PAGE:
Friday, April 16, 2010
The Obama Post-Game Show
President Barack Obama visits the SpaceX launch facility at Cape Canaveral Air Force Station.
It's unlikely that President Barack Obama changed many minds after his perfunctory visit yesterday to Kennedy Space Center. If you liked his FY 2011 NASA budget proposal, you probably still like it. If you didn't like it, you probably still don't like it.
Here's a review of the visit on the White House web site. You can read the speech here.
Obama's itinerary was kept fairly vague except for the speech itself. It was announced as he arrived to deliver the speech that after his arrival he'd gone to visit the SpaceX Launch Complex 40 at Cape Canaveral Air Force Station. SpaceX founder Elon Musk then issued a statement supporting Obama's proposal. Musk pointed out the hypocrisy of politicians who claim that “the public option was bad in healthcare, but good in space!”
The Commercial Spaceflight Federation, which describes itself as “the association of companies working to make commercial human spaceflight a reality,” also issued a press release supporting the Obama proposal.
The libertarian-minded Space Frontier Foundation similarly posted a statement on its web site supporting the plan:
The Space Frontier Foundation today called for all Americans to support the new space plan laid out by President Obama, calling a spate of attacks smearing the concepts unfortunate and obviously misinformed. Citing recent editorials, blogs and media appearances by supporters of the old space program, the Foundation urged all parties to take a new look at the proposals laid out by Obama in his April 15 speech at Kennedy Space Center and get behind the new initiative. Led by a small group of well known astronauts and congress members from areas whose districts have benefited from programs now shown to be dead ends or to have wasted billions of dollars in taxpayer funds, the attacks have portrayed the program as an attack on NASA and America’s leadership in space — the Foundation says it is quite the opposite.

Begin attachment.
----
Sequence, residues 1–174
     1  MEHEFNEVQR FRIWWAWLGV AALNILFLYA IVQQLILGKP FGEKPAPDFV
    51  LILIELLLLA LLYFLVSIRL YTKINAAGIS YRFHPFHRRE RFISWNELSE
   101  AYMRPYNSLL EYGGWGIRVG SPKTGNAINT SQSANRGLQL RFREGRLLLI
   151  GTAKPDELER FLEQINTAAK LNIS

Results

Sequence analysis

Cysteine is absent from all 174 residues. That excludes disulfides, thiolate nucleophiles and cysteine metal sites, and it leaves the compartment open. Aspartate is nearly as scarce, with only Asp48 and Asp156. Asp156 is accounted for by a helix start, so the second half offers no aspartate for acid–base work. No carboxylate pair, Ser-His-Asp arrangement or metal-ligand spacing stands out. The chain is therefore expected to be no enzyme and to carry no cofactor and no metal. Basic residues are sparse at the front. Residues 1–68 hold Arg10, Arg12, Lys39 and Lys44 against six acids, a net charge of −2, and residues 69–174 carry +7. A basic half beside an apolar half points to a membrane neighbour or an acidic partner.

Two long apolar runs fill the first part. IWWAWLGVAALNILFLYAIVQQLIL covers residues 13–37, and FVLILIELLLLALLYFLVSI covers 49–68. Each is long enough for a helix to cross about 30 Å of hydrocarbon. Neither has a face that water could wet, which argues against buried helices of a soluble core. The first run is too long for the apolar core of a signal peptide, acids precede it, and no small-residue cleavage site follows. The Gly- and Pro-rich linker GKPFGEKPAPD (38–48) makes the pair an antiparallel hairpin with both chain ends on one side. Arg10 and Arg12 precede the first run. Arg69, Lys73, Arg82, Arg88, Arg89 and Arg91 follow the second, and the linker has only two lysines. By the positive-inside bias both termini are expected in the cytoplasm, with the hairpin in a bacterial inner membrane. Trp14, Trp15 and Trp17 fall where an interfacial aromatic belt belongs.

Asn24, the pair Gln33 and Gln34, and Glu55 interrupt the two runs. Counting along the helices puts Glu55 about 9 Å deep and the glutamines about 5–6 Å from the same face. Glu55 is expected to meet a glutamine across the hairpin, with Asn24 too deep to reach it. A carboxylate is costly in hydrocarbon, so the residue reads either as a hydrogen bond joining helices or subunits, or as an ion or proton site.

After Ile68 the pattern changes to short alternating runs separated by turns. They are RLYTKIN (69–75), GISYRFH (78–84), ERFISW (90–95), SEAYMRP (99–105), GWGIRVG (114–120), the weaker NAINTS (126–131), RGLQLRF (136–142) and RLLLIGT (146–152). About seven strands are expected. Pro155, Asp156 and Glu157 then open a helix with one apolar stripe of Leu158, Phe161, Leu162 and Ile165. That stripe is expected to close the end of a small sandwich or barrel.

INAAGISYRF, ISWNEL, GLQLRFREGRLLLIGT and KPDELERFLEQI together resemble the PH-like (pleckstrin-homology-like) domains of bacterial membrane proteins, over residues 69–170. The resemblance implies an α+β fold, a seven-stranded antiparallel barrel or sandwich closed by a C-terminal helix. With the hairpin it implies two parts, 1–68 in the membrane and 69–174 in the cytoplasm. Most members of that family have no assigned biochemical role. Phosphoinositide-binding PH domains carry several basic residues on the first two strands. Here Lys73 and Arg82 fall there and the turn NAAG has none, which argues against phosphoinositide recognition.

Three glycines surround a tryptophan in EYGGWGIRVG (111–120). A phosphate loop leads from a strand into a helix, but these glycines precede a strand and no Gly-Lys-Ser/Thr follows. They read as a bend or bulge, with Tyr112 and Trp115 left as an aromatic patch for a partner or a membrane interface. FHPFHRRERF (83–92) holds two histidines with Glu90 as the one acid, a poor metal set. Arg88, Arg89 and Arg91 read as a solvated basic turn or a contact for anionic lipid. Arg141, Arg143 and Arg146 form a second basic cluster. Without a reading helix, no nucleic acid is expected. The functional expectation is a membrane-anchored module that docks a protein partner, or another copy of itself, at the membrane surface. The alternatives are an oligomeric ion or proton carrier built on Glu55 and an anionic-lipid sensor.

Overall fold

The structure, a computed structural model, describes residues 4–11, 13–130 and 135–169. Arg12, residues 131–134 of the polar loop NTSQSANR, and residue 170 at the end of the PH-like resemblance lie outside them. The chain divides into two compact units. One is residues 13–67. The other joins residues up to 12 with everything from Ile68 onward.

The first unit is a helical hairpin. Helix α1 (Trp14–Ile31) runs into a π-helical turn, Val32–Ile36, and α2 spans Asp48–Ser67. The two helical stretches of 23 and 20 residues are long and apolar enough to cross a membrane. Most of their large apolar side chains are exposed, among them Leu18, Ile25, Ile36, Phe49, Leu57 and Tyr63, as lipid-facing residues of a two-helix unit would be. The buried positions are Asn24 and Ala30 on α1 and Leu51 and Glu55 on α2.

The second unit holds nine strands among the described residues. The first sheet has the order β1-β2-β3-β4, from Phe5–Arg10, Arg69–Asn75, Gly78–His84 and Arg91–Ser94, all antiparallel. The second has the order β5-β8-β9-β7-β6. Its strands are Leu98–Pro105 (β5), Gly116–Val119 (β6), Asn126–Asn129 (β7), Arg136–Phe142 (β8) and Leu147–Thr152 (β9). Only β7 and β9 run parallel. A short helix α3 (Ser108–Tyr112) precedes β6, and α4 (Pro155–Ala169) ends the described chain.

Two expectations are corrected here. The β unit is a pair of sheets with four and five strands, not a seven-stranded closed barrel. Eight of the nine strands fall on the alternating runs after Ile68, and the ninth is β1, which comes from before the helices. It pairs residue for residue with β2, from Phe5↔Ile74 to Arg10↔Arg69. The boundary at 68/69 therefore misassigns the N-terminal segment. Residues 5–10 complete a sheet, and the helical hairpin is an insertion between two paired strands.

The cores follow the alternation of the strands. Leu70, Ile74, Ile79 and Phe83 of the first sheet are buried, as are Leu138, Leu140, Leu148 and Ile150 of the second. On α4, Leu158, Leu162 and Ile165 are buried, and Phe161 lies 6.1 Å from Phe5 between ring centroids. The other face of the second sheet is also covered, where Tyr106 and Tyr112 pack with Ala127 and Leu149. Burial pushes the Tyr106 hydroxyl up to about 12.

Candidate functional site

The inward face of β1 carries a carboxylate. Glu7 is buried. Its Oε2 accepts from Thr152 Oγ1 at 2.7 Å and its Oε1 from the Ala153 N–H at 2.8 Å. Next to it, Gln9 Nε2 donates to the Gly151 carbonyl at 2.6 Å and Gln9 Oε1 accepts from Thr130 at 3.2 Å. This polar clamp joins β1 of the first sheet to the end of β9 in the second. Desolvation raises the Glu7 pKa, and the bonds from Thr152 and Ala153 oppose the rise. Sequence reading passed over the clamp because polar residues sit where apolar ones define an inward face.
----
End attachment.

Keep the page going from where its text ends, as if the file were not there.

Huntington Beach, California congressman Dana Rohrabacher, who has close ties to the Space Frontier Foundation, issued a statement supporting Obama, a lonely Republican voice so far supporting the President on this issue.
I've yet to locate statements by anyone whose opinion changed as a result of the speech.
Time magazine published an article suggesting the visit "fizzled," claiming that it was filled with "tactical blunders." Time criticized his SpaceX visit, stating that "plenty of NASA folks want nothing to do with the private-sector interloper" — which may be true, but the visit wasn't intended to kiss the derrieres of those who want to continue the status quo. It was to send a message that the status quo is over.
The Time article was written by senior writer Jeffrey Kluger, who co-wrote Lost Moon with astronaut Jim Lovell about the Apollo 13 mission. Lovell recently issued a press release condemning the Obama proposal. Kluger failed to disclose in his article his conflict of interest.
Within the D.C. Beltway, the liberal-leaning Washington Post was intrigued by Obama's idea of visiting an asteroid, suggesting it would be a more challenging task than a Moon rehash. The conservative-leaning Washington Times focused more on summarizing Obama's proposal and opposition to it.
The reaction in the local press was predictable.
Florida Today reported that "A polite crowd of 200 at Kennedy Space Center listened as Obama countered a widespread perception that his administration aims to kill the U.S. human spaceflight program." Those who view NASA's main purpose as a local jobs program continue to criticize the proposal, complaining that although Obama's proposal actually creates more jobs than the status quo it doesn't create those jobs now. (I guess they think Obama has a magic wand.) Florida Today also this collection of local comments.